The Endell Street Military Hospital in London had almost no men but was staffed by women who were doctors, nurses, orderlies and in almost every other position, thus “No Man’s Land.” Counting the faces in the 1916 staff photo prior to the text, there are 144 women and 22 men. The primary surgeons—and doctors in charge—were Flora Murray and Louisa Garrett Anderson.
This is an unusual Great War book as the entire narrative takes place behind the lines in either Paris, Boulogne, or London. Gray-green clad troops were not the enemy confronted by female surgeons but chauvinistic social beliefs, sexism and moribund British army regulations prohibiting female doctors were.
Before the War, Murray and Anderson were suffragettes who were striving to get the right to vote for women. This was not a struggle for the faint-hearted as women were arrested, went on hunger strikes and then force-fed with sometimes serious injuries resulting. With the outbreak of war, such considerations were put aside with everyone trying “to do their bit.” Yet English medical practices continued to bar women from mainstream hospitals and major appointments. They were limited to treating women and children.
Murray and Anderson recognized the opportunity the War presented, even though the army barred them from medical practice despite the shortage of everything caused by the war. The pair, along with a team of nurses and support staff, went off to Paris to set up a hospital on their own in what came to be known as Claridge’s, a luxury hotel but a most inappropriate building for a hospital.
The massive numbers of casualties, the inadequate resources and the high explosives used for the first time were far different than the neat bullet holes of the Boer War, and everyone was found to be inadequate for military surgery. Frontline medical treatment and the evacuation of troops to the channel coast during the opening days was ghastly, with many casualties abandoned as medical staff fled just prior to the German advance. Great War medical practice was a continual learning exercise. One lesson learned in 1915 was that steel helmets would better protect troops. Also, BIPP (bismuth, iodoform, and paraffin paste) proved very helpful in treating septic wounds. Some lessons, such as leaving gas gangrene wounds open after surgery, had to be relearned during WWII.
When the war shifted toward the Channel, the staff moved to a sugar warehouse in Boulogne. Then, in February 1915, Murray and Anderson were given a large thousand-bed hospital in London to be commanded and staffed almost entirely by women. The “hospital,” a former workhouse on Endell Street which may have inspired Charles Dickens to write Oliver Twist, was filled with rubbish and had to be thoroughly cleaned before being put to use. Despite their earlier successes, the two doctors continued to endure obstacles and antagonism until the end of the war.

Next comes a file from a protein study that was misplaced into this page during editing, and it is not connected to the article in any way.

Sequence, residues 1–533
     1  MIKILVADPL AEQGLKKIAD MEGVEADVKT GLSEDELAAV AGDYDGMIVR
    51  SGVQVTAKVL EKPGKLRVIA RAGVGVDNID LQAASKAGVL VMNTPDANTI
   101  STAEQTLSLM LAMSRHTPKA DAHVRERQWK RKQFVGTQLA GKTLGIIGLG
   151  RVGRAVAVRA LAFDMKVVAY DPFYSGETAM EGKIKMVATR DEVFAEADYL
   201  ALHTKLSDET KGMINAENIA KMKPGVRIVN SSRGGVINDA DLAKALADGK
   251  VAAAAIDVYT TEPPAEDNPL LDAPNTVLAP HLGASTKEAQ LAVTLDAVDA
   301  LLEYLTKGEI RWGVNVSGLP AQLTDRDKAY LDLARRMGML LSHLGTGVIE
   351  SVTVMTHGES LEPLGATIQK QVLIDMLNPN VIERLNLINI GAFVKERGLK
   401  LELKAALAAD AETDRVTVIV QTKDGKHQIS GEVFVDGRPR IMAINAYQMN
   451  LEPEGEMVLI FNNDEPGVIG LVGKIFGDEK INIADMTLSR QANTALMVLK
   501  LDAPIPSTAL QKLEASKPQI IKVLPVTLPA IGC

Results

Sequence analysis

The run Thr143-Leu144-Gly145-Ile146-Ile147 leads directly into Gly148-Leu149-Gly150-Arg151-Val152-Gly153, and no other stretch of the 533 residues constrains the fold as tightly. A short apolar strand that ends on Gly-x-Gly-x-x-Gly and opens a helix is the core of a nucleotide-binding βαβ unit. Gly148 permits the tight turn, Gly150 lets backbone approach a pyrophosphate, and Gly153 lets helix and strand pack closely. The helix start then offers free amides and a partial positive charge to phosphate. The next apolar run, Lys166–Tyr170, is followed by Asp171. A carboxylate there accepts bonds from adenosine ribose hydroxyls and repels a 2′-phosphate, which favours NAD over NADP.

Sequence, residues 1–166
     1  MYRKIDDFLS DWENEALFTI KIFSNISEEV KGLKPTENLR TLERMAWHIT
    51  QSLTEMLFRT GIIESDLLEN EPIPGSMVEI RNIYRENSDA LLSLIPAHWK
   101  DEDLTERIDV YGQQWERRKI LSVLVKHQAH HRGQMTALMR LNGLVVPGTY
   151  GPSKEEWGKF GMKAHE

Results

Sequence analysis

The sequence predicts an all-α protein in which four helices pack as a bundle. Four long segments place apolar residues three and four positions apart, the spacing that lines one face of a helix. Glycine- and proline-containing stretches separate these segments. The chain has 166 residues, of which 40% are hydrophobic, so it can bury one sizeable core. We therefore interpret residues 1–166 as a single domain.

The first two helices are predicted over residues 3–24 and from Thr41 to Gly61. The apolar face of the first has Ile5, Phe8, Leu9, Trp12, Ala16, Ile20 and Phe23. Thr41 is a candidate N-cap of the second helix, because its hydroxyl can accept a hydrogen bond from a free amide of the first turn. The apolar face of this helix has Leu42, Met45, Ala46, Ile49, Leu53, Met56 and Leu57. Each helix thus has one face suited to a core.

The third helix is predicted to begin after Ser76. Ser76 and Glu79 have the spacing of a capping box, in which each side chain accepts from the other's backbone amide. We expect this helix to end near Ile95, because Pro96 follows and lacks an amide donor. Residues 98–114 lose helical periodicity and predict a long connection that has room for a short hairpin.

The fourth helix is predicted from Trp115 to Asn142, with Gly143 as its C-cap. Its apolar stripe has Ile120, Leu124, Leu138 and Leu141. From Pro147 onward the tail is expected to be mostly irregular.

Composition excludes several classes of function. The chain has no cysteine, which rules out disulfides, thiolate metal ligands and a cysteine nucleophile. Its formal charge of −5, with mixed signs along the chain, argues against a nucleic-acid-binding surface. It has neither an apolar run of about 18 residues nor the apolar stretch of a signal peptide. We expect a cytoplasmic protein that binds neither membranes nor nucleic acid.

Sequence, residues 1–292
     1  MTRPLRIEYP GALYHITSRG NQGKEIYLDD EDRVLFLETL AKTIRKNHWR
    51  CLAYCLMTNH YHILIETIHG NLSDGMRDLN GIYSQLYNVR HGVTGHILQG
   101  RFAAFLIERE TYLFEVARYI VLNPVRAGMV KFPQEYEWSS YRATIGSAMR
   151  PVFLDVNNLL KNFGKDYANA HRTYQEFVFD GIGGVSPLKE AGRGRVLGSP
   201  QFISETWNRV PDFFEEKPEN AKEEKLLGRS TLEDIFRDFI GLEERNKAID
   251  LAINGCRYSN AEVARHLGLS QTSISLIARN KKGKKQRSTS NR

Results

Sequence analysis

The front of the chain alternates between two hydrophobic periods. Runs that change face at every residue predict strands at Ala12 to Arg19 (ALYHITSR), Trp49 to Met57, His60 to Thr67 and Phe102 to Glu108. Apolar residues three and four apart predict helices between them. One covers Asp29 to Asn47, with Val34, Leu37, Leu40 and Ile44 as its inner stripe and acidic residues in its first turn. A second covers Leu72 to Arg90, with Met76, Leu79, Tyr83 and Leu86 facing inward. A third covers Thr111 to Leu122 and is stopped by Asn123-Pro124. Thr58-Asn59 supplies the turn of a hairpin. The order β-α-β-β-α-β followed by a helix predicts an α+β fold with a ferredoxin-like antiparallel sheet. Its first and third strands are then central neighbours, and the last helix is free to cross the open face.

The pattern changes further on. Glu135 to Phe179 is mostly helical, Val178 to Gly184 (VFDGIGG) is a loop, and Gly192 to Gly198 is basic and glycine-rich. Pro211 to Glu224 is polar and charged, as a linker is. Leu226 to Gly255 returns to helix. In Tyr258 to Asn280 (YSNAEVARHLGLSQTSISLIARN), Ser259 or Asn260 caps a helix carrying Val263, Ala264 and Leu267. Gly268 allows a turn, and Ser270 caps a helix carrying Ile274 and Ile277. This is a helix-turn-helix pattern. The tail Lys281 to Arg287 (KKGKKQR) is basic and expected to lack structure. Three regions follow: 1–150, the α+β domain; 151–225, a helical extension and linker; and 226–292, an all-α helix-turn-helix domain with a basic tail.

|1916 Staff Photograph|
(Click on Image to Enlarge)
The description of the Endell Street hospital was so cheerful as to be almost unrealistic. Antibiotics were unknown, x-ray equipment was just coming into use, and the suffering must have been unimaginable considering how many casualties needed to be treated quickly. Thus I found the book’s credibility to be lacking here. I did not see how matters could be so upbeat, considering the number of casualties from the Somme and other major battles. However, about two thirds of the way through the book, the tone definitely changed.
Moore also tells the stories of a doctor from Australia, a patient from Canada, of medical schools opening to female applicants and the struggle of new volunteers to adjust to the grisly and exhausting work. While it became known that suffrage would be offered to women after the Armistice as a reward for their war work, discrimination continued in the form of lower pay, fewer tax benefits and the War Office’s refusal to grant equal rank to women doctors. After the War, Winston Churchill led government objections to various equality measures.
What makes this book particularly worth reading are the ongoing descriptions of the home front: London’s social life and suffering, rationing, feelings of desperation, fatigue, German bombing, the women casualties in France, bacterial infections, and the onslaught of flu which possibly killed six times as many as the Great War did. These are aspects of the Great War rarely discussed in other texts.
Finally, peace returned along with discrimination against women who wanted medical careers. Medical schools began again to deny admission to women. But the war did not end for Endell Street as the wounded kept coming, necessitating operations, laundry service and all the other functions of a hospital. The flu returned, deadlier than ever, probably fueled by troops returning home in cramped ships plus jubilant celebrating crowds. Death could come in three days and was violent and ugly.
The Endell Street Military Hospital was closed in October 1919 and torn down years later to be replaced by public housing. Not until 1975 were medical schools forced to accept women on an equal footing.